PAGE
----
Jane Anderson Bravely Explores Rebirth After Burnout
by Tyler Jeffreys
The stage is set ablaze—with energy, not fire. We get couple vs. couple, Liberal vs. Conservative, and Agnostic vs. Christian. Each character tries to keep his or her ego afloat, while struggling to stay positive.
“The Quality of Life” by Jane Anderson gives us tools for life—including acceptance and forgiveness—to rebuild shattered, burnt-out love.
It’s 1991, right after the Oakland/Berkeley Hills’ fires. Four superb actors draw us into their post fire lives, making it more gripping than any popular Lifetime drama. The actors commit to their characters’ points of view, brilliantly.
Suburban Ohioans Bill (multi-dimensional CJ Smith) and Dinah (expressive Sindu Singh) come from a simple, midwestern life to visit their progressive California cousins, Jeannette (spunky Bonnie DeChant) and Neil (sensitive Ted Barker).
Our hearts are bombarded by Bill and Dinah’s anxious and avoidant marital maneuvers. Dinah’s eyes open wide in earnest as she tries to shake up Bill. But Bill openly ignores Dinah’s pleading, intimate advances, which she disguises as small talk. As they visit Jeanette and Neil, we understand the roots of Bill and Dinah’s marital struggles.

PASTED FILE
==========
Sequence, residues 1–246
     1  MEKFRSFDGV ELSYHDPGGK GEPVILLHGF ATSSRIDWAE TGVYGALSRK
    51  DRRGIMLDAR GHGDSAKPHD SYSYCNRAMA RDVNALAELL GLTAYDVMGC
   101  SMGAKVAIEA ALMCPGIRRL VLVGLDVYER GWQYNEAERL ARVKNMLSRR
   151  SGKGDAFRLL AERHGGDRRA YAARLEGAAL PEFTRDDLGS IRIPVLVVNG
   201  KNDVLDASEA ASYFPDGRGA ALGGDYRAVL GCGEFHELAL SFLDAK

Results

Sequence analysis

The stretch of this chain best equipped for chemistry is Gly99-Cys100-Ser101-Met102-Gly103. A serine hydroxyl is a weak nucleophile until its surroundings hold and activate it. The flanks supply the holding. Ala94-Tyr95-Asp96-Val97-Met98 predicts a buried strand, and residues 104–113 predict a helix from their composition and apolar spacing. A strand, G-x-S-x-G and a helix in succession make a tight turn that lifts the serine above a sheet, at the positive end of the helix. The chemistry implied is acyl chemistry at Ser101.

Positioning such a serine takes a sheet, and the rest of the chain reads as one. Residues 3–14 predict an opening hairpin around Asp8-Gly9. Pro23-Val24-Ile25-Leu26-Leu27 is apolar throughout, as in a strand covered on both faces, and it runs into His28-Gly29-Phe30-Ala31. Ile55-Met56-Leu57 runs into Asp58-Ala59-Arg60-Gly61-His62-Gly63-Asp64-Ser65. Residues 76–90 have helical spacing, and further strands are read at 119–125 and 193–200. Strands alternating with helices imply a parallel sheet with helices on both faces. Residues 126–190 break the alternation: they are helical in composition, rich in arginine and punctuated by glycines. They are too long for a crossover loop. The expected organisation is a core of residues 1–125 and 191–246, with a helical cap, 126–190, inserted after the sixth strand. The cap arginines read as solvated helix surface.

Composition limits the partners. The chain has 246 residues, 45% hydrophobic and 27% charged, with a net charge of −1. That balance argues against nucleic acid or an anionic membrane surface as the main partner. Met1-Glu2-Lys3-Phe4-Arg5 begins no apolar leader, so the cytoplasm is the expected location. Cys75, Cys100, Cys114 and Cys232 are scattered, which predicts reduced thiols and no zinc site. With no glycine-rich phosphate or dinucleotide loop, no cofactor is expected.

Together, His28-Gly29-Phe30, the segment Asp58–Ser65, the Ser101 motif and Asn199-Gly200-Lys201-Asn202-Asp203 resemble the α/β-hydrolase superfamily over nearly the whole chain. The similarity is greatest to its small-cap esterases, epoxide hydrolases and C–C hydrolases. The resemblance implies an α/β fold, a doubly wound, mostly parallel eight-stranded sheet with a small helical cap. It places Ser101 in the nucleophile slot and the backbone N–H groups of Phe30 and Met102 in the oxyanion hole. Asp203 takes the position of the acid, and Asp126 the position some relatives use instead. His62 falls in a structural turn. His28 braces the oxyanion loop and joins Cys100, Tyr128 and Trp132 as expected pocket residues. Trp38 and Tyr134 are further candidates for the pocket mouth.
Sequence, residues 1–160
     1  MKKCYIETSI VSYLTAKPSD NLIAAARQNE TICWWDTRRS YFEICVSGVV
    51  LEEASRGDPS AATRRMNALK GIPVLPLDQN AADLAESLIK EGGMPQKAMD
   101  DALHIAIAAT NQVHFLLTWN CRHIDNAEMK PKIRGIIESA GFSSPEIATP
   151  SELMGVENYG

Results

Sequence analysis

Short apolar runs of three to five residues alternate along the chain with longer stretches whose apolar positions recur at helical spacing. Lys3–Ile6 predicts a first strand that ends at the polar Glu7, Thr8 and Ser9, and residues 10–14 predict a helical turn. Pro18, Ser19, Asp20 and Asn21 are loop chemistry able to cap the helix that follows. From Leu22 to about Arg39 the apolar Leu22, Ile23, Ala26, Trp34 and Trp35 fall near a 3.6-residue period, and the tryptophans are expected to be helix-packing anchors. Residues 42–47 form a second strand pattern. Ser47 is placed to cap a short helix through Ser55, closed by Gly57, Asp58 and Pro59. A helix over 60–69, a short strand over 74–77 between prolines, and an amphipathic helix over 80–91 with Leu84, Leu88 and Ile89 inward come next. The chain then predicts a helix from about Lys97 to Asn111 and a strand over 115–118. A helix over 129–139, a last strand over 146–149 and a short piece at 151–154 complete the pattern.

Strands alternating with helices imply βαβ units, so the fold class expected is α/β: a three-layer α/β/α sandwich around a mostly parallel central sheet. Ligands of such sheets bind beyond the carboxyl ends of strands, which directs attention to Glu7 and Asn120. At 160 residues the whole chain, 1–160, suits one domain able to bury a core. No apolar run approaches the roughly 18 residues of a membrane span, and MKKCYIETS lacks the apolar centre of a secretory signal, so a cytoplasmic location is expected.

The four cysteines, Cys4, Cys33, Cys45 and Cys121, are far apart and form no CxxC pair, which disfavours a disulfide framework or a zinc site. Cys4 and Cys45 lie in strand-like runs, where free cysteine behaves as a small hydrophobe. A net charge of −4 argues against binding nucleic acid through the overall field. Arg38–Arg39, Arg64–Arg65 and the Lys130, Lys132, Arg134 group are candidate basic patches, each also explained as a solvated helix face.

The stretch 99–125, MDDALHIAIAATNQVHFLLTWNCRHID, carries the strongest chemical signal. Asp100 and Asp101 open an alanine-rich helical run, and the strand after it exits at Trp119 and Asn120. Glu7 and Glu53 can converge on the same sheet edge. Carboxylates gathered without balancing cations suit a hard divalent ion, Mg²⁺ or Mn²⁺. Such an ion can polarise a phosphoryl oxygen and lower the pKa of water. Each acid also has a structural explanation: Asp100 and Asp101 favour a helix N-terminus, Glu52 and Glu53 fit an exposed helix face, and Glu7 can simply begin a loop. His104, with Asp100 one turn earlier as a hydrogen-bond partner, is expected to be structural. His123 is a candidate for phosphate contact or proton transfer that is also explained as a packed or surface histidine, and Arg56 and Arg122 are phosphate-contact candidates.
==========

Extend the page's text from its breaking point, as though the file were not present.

Jeannette and Neil, left homeless after the big fires, set up a Mongolian yurt in their desolate backyard. The yurt protrudes from a backdrop covered with painted pine trees, boasting detailed wood carving and Mongolian markings, which make it quite the art piece. The beautiful set by R.”Dutch” Fritz offers a cozy, welcoming picnic space.
I love how natural the whole production feels, from the set to the actors. Two everyday couples are grieving, revealing secrets, and arguing about the “right” road to follow. “The Quality of Life” speeds us along for two beautiful and refreshing hours.
In the first act, the drama is subtle, and I even start sympathizing with Bible-thumping, uptight, emotionally unavailable Bill. When Jeannette, Neil and Dinah socialize, we see Bill suffer alone, unable to connect. Instead, he blurts out: “How hot did the fire get?” I chuckle when Neil has a legit numerical answer for him.
Neil’s costume cracks me up because he wears socks with adventure sandals. Very Berkeley Hills, thanks to costume designer Christine U’Ren. Even through a health crisis, Neil manages to live enthusiastically and full of curiosity. His swagger is undeniable, in contrast to Bill’s buttoned down behavior, in khakis.
Colorful as the set, the California couple hides behind grandiose sentiments and hippie spirituality. Jeanette goes into long, awkward monologues about her compatibility with Neil, recounting their romantic adventures.
But Dinah responds with her own monologues about her recent grief and precious family memories. The monologues in the script distract me; but I hop back onboard thanks to the actors’ chemistry and tenacity.
Both couples teach me that sometimes a relationship must burn for a while, so new growth can emerge from the ashes.
A fascinating play, well-acted—seeing it has surely improved my “quality of life.”
“The Quality of Life” by Jane Anderson, directed by Katina Psihos Letheule, by Altarena Playhouse, Alameda, California. Info: Altarena.org – to June 26, 2022.
Cast: Ted Barker, Bonnie DeChant, Sindhu Singh, and CJ Smith.
Banner photo: Ted Barker, Sindu Singh, CJ Smith, and Bonnie DeChant. Photos by Grizzly De Haro